Your plan must also account for specific goals, expectations or limitations that are internally driven. For example, are there specific financial goals that must be met? Who are the internal stakeholders, and what are their roles and expectations? Who has decision-making authority? What limitations will your organizational structure or the structure of your real estate team place on the configuration of any deal? Is restructuring desirable, or even an option? What is the capacity of your organization to manage transitions, and how will you allocate the time and resources to implement your strategy?  
 
Development of a global sourcing strategy requires current and detailed market research to understand capabilities on a local, national and regional basis. In some cases, the unique configuration of your portfolio may require a complex matrix of service providers to cover the variety of services and service levels needed.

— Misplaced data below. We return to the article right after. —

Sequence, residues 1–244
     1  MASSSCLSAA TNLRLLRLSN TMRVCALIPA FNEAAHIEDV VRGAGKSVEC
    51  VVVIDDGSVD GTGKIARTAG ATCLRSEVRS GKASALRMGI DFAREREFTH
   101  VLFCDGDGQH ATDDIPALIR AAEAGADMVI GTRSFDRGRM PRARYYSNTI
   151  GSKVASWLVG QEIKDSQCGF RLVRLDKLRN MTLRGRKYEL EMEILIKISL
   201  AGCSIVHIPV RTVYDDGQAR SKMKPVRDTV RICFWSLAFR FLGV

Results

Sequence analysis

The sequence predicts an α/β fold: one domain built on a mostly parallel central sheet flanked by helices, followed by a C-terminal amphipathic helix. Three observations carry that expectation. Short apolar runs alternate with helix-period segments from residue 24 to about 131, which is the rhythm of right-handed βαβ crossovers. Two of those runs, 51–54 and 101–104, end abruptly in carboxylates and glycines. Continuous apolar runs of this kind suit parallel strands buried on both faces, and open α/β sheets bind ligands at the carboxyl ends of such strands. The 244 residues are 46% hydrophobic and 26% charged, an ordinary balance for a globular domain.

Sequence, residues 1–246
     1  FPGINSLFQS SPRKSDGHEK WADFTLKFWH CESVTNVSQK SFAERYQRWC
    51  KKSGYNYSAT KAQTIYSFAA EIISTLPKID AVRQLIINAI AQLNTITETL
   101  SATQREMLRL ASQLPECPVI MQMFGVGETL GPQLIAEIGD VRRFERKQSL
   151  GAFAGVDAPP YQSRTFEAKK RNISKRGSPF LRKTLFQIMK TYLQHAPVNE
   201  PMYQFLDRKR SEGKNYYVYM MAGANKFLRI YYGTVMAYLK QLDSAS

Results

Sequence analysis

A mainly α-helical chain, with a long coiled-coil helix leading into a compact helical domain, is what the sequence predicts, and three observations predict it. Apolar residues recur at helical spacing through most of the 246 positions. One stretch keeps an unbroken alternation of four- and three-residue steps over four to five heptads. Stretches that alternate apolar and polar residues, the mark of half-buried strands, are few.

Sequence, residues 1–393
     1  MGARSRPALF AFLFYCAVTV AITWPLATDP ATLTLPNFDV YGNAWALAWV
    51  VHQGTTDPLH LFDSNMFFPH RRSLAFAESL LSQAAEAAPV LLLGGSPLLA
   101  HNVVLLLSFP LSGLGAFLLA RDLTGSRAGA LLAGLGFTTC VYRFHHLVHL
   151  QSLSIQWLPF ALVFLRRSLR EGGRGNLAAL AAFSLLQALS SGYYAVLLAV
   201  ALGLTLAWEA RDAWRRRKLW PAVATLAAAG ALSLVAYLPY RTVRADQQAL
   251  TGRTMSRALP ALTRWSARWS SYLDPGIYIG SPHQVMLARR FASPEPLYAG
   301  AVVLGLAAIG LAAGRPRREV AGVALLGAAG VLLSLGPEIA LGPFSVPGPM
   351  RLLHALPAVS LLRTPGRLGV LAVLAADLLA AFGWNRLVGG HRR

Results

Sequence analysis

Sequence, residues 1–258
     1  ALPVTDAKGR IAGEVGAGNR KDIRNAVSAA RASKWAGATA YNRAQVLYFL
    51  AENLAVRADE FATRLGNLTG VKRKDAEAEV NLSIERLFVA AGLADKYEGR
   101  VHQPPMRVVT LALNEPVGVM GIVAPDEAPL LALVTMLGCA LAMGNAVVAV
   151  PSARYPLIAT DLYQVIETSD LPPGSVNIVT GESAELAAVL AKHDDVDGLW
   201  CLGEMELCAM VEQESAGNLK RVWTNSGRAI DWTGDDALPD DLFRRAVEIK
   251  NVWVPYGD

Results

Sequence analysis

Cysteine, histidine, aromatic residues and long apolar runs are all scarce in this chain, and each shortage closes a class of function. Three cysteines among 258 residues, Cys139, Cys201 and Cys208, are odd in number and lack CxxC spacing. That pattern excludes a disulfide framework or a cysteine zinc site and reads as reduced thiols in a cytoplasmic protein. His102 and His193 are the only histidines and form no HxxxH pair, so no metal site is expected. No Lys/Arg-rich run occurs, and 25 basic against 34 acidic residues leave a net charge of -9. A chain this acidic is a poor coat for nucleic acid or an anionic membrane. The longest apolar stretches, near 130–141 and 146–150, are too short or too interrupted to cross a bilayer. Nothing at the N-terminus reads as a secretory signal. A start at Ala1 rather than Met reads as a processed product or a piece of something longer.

Developing the Strategy

As you consider all these elements, your global strategy will begin to emerge. How your final plan is designed will have broad implications for the level of effort required to bid the project, the number of bidders, the complexity of the pricing model, and the number of contracts to be negotiated. Your global strategy will also determine the number and complexity of relationships that will need to be managed. 
 
The global strategy you develop must align with your organization’s capacity to manage the implementation, the transition and the ongoing contracts and relationships that result. Do you have enough resources with the proper expertise and experience to be successful? Do they have the bandwidth to allocate the necessary time and energy to ensure the success of the initiative - and is it the best use of their time? If you need to build additional capacity, how does that affect your timeline, the expectation of other stakeholders and the business requirements? When is it more efficient to consider external expertise and resources? Remember that organizational capacity considerations aren’t limited to corporate real estate and facilities alone. You will need to rely heavily on other departments and resources as well, including a legal team, finance, and even HR and IT to succeed.